What Do We Know About Isaac Newton’s Early Life?

Toni Mount

Age of Revolution
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He is remembered as a key figure in the scientific revolution and his supposed encounter with an apple as a young adult is frequently alluded to. But how did Isaac Newton’s childhood and early ideas lay the foundation for his later breakthroughs in science, making him, arguably, our greatest ever scientist?

Early solitude

All children enjoy play. It’s how they learn. But young Isaac Newton’s ideas on play were never of the rough-and-tumble variety that most youngsters enjoy.

Born a gentleman-farmer’s posthumous son in 1642, he had the countryside of seventeenth-century rural Lincolnshire as his playground. Despite this there are no references to him climbing trees, exploring woods and paddling in streams like other children.

Woolsthorpe Manor, Newton’s childhood home, as shown on page 76 of Memoirs of Sir Isaac Newton’s life, by William Stukeley, 1752 (Credit: Public Domain).

He may have done these things, but he would probably have been solitary. His grandmother – his early-years guardian – was aware of the family’s social standing as minor gentry and the local lads were considered unsuitable as Isaac’s playmates. Throughout his life, these early deprivations of peer friendship made Newton a loner.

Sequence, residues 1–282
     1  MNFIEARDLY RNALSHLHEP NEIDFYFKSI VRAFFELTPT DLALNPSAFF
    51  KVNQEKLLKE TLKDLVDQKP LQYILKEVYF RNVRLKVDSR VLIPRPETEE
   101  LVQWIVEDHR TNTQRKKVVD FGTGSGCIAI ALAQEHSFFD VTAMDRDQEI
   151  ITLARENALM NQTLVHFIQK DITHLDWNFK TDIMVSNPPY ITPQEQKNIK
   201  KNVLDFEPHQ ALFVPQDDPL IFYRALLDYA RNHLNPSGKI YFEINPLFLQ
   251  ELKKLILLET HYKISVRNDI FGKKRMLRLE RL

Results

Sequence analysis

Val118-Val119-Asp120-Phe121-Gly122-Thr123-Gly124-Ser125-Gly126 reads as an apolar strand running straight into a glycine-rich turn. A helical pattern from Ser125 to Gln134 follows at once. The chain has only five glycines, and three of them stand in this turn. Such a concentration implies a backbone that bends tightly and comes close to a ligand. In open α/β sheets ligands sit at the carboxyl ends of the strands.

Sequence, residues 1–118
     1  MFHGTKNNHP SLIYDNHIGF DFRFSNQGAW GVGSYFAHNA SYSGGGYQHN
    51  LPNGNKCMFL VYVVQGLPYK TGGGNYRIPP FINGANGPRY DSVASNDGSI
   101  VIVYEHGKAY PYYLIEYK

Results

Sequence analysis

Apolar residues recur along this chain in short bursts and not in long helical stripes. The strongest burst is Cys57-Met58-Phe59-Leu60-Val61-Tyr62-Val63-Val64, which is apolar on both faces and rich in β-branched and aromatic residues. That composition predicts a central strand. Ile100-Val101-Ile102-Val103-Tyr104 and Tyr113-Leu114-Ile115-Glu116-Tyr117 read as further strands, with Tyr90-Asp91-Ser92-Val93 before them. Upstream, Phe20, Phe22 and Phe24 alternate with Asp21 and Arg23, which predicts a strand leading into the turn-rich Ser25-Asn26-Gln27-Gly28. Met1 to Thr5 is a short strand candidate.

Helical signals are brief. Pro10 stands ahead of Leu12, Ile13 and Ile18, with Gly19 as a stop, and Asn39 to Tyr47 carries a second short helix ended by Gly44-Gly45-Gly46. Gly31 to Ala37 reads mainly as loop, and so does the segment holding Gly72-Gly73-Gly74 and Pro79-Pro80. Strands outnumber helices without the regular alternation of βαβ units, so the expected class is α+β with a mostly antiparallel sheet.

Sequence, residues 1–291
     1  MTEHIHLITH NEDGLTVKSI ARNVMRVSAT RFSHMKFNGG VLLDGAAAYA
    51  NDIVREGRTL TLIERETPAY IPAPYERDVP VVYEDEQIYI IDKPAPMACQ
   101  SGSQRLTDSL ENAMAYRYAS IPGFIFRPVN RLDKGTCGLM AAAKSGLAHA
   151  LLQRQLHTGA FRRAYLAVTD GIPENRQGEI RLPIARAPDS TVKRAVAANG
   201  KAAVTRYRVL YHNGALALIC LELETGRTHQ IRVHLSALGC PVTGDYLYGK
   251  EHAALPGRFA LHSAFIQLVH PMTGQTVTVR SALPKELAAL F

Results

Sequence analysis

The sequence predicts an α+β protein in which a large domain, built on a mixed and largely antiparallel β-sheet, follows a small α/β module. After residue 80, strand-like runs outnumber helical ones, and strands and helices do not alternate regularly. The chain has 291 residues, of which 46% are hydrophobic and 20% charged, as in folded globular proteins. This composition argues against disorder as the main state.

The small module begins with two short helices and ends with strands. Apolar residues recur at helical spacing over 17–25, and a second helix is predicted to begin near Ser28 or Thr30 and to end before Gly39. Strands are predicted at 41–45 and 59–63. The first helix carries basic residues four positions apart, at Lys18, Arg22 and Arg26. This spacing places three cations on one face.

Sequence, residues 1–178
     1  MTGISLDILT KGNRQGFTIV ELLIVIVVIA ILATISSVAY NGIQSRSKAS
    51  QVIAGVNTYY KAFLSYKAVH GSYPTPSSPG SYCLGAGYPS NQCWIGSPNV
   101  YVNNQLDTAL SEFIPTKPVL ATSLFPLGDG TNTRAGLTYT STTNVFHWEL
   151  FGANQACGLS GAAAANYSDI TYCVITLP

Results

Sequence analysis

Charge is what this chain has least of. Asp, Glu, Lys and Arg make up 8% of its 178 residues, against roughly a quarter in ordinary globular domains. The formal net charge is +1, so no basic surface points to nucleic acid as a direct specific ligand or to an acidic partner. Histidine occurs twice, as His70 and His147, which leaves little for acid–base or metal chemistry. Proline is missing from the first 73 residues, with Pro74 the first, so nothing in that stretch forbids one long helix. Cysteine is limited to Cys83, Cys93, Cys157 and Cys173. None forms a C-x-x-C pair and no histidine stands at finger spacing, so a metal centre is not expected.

He later recorded in his notes that, while attending the Grammar School in Grantham in the 1650s, he tried to involve his school fellows in what he called ‘philosophical play’ but they weren’t interested. Mental games suited Newton but physical activities, like chasing and wrestling, were more their style.

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Newton wasn’t sedentary, however, and wrote about performing some wind-assisted jumping experiments – testing how much the strength of the wind enhanced or impeded the distance jumped.

Of course, he had no means of accurately gauging this, although it’s thought he made a basic anemometer to measure the wind’s force, whether lighter or stronger, if not its precise speed. Lengths of string could be used to show relative distances jumped, but only he could guesstimate whether the effort he put into each jump was identical so that the wind was the only variable.

Whatever the shortcomings of these first experiments, they demonstrate how the mechanics of the natural world intrigued him from childhood. His enthusiasm to explore them would remain throughout his long life.

Early inventions